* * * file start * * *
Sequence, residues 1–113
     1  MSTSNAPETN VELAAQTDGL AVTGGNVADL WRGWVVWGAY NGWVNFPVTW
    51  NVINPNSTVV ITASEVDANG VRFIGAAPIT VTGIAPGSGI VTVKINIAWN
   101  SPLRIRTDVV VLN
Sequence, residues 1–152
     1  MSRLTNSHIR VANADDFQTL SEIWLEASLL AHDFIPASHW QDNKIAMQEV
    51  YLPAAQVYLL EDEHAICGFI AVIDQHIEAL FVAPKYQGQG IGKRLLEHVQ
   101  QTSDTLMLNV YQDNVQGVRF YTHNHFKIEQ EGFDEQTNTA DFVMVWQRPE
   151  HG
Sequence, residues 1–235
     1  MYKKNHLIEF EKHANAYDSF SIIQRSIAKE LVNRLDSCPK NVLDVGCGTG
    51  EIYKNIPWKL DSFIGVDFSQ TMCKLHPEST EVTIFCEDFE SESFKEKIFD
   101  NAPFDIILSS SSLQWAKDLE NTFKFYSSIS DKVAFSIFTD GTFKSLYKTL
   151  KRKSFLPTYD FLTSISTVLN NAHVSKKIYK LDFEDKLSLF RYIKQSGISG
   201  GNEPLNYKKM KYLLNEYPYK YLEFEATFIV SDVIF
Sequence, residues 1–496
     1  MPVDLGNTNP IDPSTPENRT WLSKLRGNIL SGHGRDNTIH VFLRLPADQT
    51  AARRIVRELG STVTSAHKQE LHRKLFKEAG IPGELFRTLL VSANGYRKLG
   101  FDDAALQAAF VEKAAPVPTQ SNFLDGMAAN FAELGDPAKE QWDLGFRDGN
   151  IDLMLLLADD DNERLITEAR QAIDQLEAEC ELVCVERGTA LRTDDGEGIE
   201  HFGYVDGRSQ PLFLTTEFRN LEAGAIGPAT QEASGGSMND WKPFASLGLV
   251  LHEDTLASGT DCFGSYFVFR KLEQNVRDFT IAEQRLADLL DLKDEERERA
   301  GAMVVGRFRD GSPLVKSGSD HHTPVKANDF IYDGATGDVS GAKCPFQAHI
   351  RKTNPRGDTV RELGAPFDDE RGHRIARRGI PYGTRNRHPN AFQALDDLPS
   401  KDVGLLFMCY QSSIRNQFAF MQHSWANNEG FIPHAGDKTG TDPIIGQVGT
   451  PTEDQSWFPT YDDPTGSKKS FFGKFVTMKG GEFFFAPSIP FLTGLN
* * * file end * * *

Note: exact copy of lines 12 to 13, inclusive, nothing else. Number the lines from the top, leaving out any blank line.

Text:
    51  EIYKNIPWKL DSFIGVDFSQ TMCKLHPEST EVTIFCEDFE SESFKEKIFD
   101  NAPFDIILSS SSLQWAKDLE NTFKFYSSIS DKVAFSIFTD GTFKSLYKTL